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    3. Right, for us, the veggies get pretty soft when they have to be processed as long as the meat.
      However, I have had success with this beef stew recipe...Canning Beef Stew
      This recipe is one I use for canning a chicken mixture that works pretty well...Canning Chicken a la King

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  17. Hi! I am going to try pressure canning lots of soups for the first time! I love making homemade soups but have always frozen it. In this recipe, what if I just have left over ham that has been cooked and diced? Will this work?

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    1. Yes...I have done that at times. You'll need a half pound for this recipe.

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  18. Seems like a long processing time, I'm assuming because of the ham (?). Could I use turkey ham with this recipe and will it change the processing time? Thanks!

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    1. It is because of the ham; although beans are also a low acid food. Turkey ham shouldn't change the processing time.

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    2. After you are done canning , how long will it stay good for?

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    3. How long does food stay in the canning jars?

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    4. Most canned goods are good for 1 to 2 years in good shape if your storage conditions are good - that is, no sunlight and room temperature.
      Many canned goods are safe for many years - the quality may deteriorate some, but the safety is ok if the seal has not been compromised.
      I try to can what I will use in a year or two; that said, I am still using some 2009 canned goods with no loss of taste or appearance. I store mine in a pantry closet and the doors are usually closed.
      Exposure to light will change the appearance of some fruits like peaches over time, so it's best to store your canned goods out of the light if you can, in boxes if nothing else.

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  19. I have enjoyed your canning recipes. Yesterday I canned the Ham Bean Soup. The flavor is wonderful but my jars do not look as nice as yours. My beans look mushy and not whole. What did I do wrong? Thanks!

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    1. It may be your choice of beans - the bottom photo above is of mixed beans, the top photos are navy beans, which often stay a little more firm. I have found that Great Northern beans are a little more mushy too.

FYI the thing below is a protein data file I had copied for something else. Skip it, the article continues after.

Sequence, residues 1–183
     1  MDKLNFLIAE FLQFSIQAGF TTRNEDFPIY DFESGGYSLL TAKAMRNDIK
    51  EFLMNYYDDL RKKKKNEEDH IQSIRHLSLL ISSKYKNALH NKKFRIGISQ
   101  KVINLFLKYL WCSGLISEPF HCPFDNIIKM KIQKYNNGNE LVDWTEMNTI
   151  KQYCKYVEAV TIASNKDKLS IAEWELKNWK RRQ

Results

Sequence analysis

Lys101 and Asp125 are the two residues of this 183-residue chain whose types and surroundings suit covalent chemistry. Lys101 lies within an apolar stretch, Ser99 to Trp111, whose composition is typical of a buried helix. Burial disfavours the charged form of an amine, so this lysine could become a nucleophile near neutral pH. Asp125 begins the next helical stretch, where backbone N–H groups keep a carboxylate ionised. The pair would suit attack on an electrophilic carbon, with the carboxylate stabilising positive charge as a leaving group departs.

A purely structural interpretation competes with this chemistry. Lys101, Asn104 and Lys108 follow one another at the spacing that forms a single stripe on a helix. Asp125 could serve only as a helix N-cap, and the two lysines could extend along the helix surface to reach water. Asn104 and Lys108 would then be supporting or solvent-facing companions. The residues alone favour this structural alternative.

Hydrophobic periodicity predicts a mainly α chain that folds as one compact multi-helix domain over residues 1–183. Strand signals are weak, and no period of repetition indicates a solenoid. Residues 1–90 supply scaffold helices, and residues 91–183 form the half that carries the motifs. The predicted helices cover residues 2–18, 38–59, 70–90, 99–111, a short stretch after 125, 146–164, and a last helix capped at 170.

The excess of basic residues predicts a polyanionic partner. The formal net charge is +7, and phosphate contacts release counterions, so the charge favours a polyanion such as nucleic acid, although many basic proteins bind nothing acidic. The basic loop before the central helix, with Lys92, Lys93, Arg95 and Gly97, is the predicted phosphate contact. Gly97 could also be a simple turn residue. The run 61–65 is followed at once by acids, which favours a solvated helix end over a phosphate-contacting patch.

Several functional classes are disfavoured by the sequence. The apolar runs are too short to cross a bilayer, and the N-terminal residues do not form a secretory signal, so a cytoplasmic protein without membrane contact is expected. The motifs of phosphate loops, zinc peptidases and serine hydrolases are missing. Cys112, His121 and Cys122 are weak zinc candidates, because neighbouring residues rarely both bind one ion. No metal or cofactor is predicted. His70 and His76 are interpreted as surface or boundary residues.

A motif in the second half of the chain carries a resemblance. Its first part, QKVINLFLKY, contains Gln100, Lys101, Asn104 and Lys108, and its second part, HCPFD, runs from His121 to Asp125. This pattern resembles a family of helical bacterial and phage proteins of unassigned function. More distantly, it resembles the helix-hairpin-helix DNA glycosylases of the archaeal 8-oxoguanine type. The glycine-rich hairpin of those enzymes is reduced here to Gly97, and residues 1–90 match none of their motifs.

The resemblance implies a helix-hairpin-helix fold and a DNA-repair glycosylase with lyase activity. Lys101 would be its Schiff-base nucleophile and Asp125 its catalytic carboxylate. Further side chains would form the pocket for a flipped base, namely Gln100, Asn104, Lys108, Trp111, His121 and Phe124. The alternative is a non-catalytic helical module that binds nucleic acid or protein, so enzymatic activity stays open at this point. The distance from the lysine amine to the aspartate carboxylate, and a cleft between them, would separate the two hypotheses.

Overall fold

I haven't really had a lot of problems with the beans being mushy, although we don't mind that in our soup. Older beans keep their shape better, I'm told, but I don't raise my own as my dad used to, so I don't really know how old mine are when purchased.
      You can try cooking them for 30 minutes instead of an hour before canning them; my husband usually helps me, so I get them in the jars pretty quickly and they don't continue to cook, so an hour as given in the recipe works for us.
      Glad you enjoyed the flavor. You'll find they are a real convenience meal.

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    2. Thank you for the reply. I did use did use Great Northern beans. I'll try Navy beans next time.

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  20. I just made a big batch of calico bean soup for dinner tonite and was wondering if I could can it the same way as your recipe? I've been just freezing it but now that I have a pressure canner it would be so much easier to can then freeze.

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    1. Yes, it can be canned. Just bring it back to a boil, fill your warm jars, and can per the directions above, keeping in mind you want about 3/4 solids in a jar. If your soup is thicker than that, you may have to add some hot water to each jar to thin it out a little so it cans correctly (the right density for the time and pressure) and is safe.
      However, because it is fully cooked already, it may be a little mushy - depends on how you like your bean soup.

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  21. can you can/process shelly beans and green beans together. What is the processing time?

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    1. Yes...but you must use the time for the shelled beans. The green beans may be too mushy that way for your taste.
      You always process for the item in your recipe that takes the longest time; in this bean soup recipe, it is the meat that requires the longest processing.
      Shelled beans alone or with green beans with NO MEAT take 40 minutes for pints and 50 minutes for quarts in a pressure canner at 10 pressure for 1000' altitude and 15# pressure above 1000'.

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  22. I have a lot of left over ham and bean soup. It has been simmering for many hours and fully cooked. Is it better to cold water can it for 3 hours or freeze it?

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    1. Your bean soup would be best frozen...I have done this with good success. I like to pack my frozen soup in flat freezer bags so I can store more in my freezer; lay them flat in a pan until they are frozen in case one leaks. Then they can be broken up and reheated quickly without thawing.
      You cannot water-bath can bean soup; it is not a safe method. It would have to be pressure-canned as directed in the recipe in this post.
      Canning your soup by any method after it is fully cooked would make for a very mushy product...probably even too much for us, and we like ours a little soft.
      Good luck with your project.

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  23. Fantastic recipe Sue. I made a triple batch late last year and am having the last jar this week. Pair it with hot, homemade, southern cornbread and it's perfect for a rainy evening dinner.

    Thank you,
    Bob

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    1. Thanks, Bob...glad you enjoy this as much as we do...we enjoy it often, especially in the winter...with cornbread too!